How to Teach Toddler Not to Swear?

How can I teach my toddler not to swear?
profile picture of Kate Roberts, PhD, licensed clinical psychologist in Salem, Massachusetts
ByKate Roberts, PhD, licensed clinical psychologist in Salem, Massachusetts
Clinical Psychologist
Updated
Mar 2017
Hero Image

There’s nothing like having your 2-year-old drop the “F-bomb” in front of Aunt Faye or your nosy neighbor. But don’t sweat it too much — swear words are everywhere, and a child’s number-one job is to copy the adults around them. The most important reaction is to have_ no _reaction. The more weight you give a swear word, the more this sounds out a signal that this is an important word, and one your child will want to repeat.

So if it’s a one time thing, just let it go, but if it happens regularly, it’s time to have a conversation. Start by telling him that the “bad” word makes you sad (a concept he clearly understands by now), and that it’s not a word you like to use. That’s really all you have to say.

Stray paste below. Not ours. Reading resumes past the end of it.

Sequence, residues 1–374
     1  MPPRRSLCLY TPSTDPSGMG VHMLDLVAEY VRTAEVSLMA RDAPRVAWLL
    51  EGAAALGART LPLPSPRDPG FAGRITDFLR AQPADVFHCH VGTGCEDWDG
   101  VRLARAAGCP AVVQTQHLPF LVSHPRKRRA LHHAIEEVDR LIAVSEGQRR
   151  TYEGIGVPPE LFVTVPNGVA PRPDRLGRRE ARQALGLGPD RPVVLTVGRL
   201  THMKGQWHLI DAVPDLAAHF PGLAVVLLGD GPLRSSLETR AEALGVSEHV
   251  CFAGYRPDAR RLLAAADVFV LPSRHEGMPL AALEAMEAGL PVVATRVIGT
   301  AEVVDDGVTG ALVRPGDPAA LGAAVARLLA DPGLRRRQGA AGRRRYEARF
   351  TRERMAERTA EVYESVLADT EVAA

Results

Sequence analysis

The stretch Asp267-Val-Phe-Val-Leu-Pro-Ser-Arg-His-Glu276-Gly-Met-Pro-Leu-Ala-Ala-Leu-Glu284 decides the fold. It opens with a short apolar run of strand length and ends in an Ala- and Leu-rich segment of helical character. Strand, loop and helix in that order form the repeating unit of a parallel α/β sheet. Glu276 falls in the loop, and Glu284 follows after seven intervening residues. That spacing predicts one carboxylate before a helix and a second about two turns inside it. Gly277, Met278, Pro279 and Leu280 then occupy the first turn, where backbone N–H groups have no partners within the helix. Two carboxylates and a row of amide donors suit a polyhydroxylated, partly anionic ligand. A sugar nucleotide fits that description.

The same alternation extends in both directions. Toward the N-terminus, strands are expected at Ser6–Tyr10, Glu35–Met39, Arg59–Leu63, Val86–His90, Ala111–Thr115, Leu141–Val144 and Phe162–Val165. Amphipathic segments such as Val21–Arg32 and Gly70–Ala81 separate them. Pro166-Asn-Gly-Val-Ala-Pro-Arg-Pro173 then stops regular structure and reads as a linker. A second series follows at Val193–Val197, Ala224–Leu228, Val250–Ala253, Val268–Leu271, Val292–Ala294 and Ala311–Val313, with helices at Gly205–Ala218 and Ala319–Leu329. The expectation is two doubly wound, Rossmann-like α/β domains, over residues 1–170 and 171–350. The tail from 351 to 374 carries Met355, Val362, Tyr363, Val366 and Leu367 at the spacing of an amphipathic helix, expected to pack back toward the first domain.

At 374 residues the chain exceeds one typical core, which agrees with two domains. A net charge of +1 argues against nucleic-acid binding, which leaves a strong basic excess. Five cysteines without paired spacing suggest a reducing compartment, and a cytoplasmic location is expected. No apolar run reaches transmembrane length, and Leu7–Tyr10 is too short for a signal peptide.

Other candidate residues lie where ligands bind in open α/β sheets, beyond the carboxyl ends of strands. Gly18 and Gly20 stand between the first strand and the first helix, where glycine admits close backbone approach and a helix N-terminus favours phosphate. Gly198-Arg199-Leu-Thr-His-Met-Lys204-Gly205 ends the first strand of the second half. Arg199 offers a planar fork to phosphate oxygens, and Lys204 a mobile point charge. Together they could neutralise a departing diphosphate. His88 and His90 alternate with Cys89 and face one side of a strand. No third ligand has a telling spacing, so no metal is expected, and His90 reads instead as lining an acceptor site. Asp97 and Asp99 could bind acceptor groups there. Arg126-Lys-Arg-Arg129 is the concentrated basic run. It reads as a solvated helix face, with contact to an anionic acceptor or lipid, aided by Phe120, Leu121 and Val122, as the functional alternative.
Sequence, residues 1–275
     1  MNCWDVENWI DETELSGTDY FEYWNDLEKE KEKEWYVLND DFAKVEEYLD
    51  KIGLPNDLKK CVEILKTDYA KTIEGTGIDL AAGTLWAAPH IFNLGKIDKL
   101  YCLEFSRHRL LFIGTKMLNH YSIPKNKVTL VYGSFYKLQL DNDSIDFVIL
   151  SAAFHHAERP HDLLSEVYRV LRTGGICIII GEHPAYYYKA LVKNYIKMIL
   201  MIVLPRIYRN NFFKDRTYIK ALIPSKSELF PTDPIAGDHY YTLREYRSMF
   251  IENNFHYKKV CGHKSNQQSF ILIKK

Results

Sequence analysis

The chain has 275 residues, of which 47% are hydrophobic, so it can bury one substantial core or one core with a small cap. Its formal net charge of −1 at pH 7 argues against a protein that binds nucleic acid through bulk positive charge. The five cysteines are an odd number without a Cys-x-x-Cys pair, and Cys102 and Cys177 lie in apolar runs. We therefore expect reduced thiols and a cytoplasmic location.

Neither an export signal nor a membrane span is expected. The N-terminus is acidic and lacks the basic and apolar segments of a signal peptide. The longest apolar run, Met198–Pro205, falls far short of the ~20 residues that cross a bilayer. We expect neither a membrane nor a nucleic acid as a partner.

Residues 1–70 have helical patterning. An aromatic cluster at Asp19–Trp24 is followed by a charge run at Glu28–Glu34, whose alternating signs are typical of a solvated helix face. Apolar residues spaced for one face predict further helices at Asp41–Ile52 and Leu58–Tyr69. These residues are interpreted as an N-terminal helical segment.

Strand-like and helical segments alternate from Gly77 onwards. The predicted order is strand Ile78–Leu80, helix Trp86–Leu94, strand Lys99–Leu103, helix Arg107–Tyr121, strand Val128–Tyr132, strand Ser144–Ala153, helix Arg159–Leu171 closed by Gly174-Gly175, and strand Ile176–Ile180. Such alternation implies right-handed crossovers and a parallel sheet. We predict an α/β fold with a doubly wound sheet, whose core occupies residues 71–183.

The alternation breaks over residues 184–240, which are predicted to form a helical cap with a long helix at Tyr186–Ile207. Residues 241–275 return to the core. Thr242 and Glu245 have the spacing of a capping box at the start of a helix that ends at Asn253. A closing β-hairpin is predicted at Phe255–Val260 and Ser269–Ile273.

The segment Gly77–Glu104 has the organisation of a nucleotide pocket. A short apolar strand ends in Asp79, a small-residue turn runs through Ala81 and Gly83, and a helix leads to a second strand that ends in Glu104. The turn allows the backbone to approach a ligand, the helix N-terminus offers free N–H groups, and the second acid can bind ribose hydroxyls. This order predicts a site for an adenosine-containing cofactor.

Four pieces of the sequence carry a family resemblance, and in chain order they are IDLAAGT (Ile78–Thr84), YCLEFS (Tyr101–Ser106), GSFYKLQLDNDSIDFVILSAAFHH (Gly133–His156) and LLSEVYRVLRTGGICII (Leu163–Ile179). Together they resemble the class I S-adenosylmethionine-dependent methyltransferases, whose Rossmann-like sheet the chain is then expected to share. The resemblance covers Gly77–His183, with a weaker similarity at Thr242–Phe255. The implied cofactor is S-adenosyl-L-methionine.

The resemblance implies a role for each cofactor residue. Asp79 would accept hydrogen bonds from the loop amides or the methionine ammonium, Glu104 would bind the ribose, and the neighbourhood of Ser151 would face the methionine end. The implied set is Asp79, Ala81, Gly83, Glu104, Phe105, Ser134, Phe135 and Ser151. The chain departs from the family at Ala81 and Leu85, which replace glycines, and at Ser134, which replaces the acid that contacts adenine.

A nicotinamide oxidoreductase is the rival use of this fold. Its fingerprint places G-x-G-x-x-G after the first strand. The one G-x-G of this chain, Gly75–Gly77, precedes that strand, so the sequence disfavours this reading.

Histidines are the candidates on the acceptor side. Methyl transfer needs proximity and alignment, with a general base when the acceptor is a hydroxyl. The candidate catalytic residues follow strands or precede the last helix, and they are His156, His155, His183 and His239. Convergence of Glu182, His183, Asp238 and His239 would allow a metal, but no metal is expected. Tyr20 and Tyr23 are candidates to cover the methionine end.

Of course, you should try to keep your own conversations clean. The more you curse, the more he’ll try to imitate you.

More from The Bump:

Related Video

Mayim Bialik Just Laid Down the Law Against Spanking (WATCH)

Anisa Arsenault
Associate Editor
Published
08/28/2017

Kristen Bell Reveals Why She Makes Her Daughters Share a Room

Nehal Aggarwal
Associate Editor
Published
03/05/2020

Toddler Screaming?

Elizabeth Pantley
Parenting Expert

What a Stranger’s Comment About Her Toddler’s Tantrum Taught This Mom

Anisa Arsenault
Associate Editor
Published
06/27/2017

Too Much Tech: Parental Phone Use Linked to Child Misbehavior

Anisa Arsenault
Associate Editor
Published
06/02/2017

Should I Worry About My Toddler’s Short Attention Span?

Michael Lee, MD, assistant professor of pediatrics at UT Southwestern Medical Center and pediatrician at Children’s Medical Center Dallas
Pediatrician

Armless Pilot Jessica Cox Meets Toddler Born Without Arms

Cassie Kreitner
Senior Editor
Published
07/30/2015

Mobile Screen Time Starts Early, Study Finds

Anisa Arsenault
Associate Editor
Advertisement